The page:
I called the tow truck, and he can't take the cbr to my place, as by insurance policy he has to take it to a shop. I have him take it to the local car shop, which is of course closed as it's Sunday. He leaves me with the bike, and while trying to select 2nd, it jams into a higher gear. WTH, I'll ride it like this to my garage. Checking rpms vs speed, great... It's on sixth. My gearing is long, and there is some hills and traffic on the way home A firm kick gets it into fifth, but no further. I manage to get the bike home, and went to the hospital later.

    Nothing broken, no fractures, just bruises and pain. Zero abrasion (thanks Dainese), and helmet did't hit anywhere.
    I've got a couple of pics to post later. Bike damage:
    - Gearshift pedal
    - Both left side blinkers (front crooked, rear torn off)
    - left bar end (saved the fairings)

    Overall an extremely positive day, as I got to get back home to hug my daughter and wife.
    #1
  2. doc4216

    doc4216 Chronic High Fiver

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    Glad you're okay....bikes can be replaced, hugging your wife and daughter can't be.
    #2
  3. V.rider

    V.rider n00b

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    Glad you're ok. Very similar circumstances to my wreck I just posted. You did a better job of keeping your head off the road though. Good luck getting the bike squared away. It's amazing how fast it can happen, that traction stuff sure is important!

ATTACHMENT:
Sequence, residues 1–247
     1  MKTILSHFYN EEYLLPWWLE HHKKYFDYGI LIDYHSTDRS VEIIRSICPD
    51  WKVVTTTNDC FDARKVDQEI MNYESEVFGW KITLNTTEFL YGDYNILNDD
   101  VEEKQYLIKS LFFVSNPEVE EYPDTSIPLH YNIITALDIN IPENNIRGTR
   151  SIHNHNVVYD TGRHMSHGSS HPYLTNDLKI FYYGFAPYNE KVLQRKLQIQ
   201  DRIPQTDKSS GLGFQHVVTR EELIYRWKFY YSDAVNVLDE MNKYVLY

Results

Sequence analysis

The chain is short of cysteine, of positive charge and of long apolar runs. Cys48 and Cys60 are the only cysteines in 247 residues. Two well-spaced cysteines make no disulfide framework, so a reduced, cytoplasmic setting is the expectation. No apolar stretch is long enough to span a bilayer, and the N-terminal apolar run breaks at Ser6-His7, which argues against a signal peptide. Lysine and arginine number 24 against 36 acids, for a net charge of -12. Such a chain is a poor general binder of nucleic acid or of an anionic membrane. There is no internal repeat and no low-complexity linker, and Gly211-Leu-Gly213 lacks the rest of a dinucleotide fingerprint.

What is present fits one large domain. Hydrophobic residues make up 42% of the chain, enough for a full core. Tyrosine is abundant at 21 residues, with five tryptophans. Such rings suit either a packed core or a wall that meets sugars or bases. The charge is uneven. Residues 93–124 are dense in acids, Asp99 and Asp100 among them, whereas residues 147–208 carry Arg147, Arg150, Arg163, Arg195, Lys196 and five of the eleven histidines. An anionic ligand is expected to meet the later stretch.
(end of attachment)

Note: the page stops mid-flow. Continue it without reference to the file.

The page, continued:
#3
  4. metale

    metale Adventurer

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    Thanks, guys.

    This is the end of the turn. We hit the railguard where you can see the revolved dirt, by the yellow sign.

    [​IMG]


    Left side of the cbr:

    [​IMG]


    Jacket's left elbow:

    [​IMG]
    #4
  5. Fajita Dave

    Fajita Dave Been here awhile

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    Barboursville, VA
    I'm glad your ok! When the rear end lets go things can get much more ugly then that!

    Can you clearly remember if you were adding throttle or if you were just keeping it steady? Adding throttle and lean angle at the same time is a recipe for the rear tire sliding out from under you with no warning what so ever. If you were just holding the throttle steady there had to be something else at work though.